I must con­fess that I’m no sci-fi fa­natic; an early mem­ory put me off for life. In a stroke of ge­nius by Der­byshire Ed­u­ca­tion Author­ity, the Daleks vis­ited my nurs­ery when I was three and scared me half to death.

Scootering - - Front Page -

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Vespa chop­per

This par­tic­u­larly well-crafted cut­down is a scooter I re­mem­ber in its pre­vi­ous in­car­na­tion as Bit­ter Fin­gers

To be fair to me they were real Daleks and most of my young class­mates per­ished that aw­ful day. Thank­fully, I was smart enough to run away up the steps to avoid ex­ter­mi­na­tion, but it has made me very wary of such things to this day.

Yel­low Brick Road

Science fic­tion im­agery cer­tainly makes a good ba­sis for a cus­tom scooter though and there have been count­less scoot­ers with films, comics and B-movie char­ac­ters used as in­spi­ra­tion for their paint­work. This par­tic­u­larly well-crafted cut­down is a scooter I re­mem­ber in its pre­vi­ous in­car­na­tion as Bit­ter Fin­gers. A Vega of the same name in­spired the paint­work on that one, a scooter Alan Legge re­mem­bered see­ing in Ch­ester­field in the late 1970s, al­though the mu­rals he chose for his own in­ter­pre­ta­tion ac­tu­ally came from an El­ton John al­bum cover. Alan said “The mu­sic was shite but the art­work is very 70s and dif­fer­ent.” Al­though El­ton John is an un­likely can­di­date for scooter­ist

mu­si­cal taste, Bit­ter Fin­gers was still an eye­catch­ing ma­chine in its own right – as Alan’s tro­phy cab­i­net will prove.

A change is as good as a rest though and a chance en­counter with a lo­cal artist meant a se­quel would soon be un­der way, this time as homage to the Hell­boy films. In usual far-fetched sci-fi style, Hell­boy is a de­mon who gets res­cued as a boy from the Nazis and de­cides to fight for the good guys. Our red-faced hero ends up saving the Earth in Hell­boy II so we should all be quite chuffed really.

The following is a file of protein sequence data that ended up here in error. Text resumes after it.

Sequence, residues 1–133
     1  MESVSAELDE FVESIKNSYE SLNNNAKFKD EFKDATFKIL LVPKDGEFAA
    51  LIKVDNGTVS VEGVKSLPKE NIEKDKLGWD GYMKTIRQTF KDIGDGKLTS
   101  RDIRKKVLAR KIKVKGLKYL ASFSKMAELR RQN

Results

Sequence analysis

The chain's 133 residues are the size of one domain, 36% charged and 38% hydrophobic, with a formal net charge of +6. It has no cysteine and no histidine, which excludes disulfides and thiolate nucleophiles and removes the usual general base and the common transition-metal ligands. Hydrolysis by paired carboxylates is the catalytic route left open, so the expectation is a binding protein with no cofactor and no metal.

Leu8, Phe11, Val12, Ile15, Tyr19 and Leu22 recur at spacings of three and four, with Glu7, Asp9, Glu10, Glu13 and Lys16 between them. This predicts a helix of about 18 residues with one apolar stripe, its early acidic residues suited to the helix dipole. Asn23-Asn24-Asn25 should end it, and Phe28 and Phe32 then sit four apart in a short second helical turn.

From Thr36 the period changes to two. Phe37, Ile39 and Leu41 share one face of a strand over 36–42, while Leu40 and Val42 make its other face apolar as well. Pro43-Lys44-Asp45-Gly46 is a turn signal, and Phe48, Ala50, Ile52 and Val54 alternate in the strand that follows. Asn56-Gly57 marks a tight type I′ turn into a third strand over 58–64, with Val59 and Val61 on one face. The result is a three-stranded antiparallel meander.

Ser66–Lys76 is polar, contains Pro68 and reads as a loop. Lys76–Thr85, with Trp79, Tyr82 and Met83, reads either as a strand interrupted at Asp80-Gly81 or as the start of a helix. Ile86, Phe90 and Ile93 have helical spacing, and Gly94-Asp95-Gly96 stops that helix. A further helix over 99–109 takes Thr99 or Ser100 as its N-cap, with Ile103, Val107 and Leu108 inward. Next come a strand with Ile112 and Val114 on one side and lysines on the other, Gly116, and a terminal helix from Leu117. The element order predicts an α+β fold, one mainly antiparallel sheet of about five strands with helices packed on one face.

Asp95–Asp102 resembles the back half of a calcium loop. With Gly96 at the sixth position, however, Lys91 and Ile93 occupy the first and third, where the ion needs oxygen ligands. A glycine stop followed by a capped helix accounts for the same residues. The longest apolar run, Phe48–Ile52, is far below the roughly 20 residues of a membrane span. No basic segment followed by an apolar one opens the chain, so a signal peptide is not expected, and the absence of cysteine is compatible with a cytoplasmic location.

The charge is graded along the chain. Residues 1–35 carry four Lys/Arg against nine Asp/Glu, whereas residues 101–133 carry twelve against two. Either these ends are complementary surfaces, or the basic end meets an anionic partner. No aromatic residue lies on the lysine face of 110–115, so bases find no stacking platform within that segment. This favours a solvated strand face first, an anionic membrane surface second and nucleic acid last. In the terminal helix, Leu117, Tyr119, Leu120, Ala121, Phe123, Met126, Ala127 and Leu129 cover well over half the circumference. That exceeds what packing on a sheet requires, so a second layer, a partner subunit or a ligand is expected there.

Sil­ver Ma­chine

Like many cus­tom projects they’re of­ten seen on­line th­ese days be­fore they’re even fin­ished and as Alan built Hell­boy last year, pho­tos be­gan ap­pear­ing on his so­cial me­dia pro­file page. I fol­lowed the build as it pro­gressed and things were look­ing good… then dis­as­ter struck. Evil fought back, the world turned black and Alan’s new paint­work re­acted with the flam­boy­ant old boy, El­ton lurk­ing be­neath. The sil­ver basecoat un­der the red turned to what looked like tal­cum pow­der, heart break­ing – as any scooter builder will understand. Not all su­per­heroes get things right first time though, it’s just one of those things that hap­pens from time to time and the prob­lem was rec­ti­fied as quickly as de­monly pos­si­ble.

With fresh paint­work based on the two Hell­boy films the re­build be­gan again and this time Hell­boy was vic­to­ri­ous. I think you’ll ad­mit the fin­ished scooter looks fan­tas­tic with its 80s style cut­down and chopped frame; lash­ings of chrome and those ex­tended twisted forks. It’s a retro cus­tom hark­ing back to those he­do­nis­tic scooter boy days we all sort of re­mem­ber…

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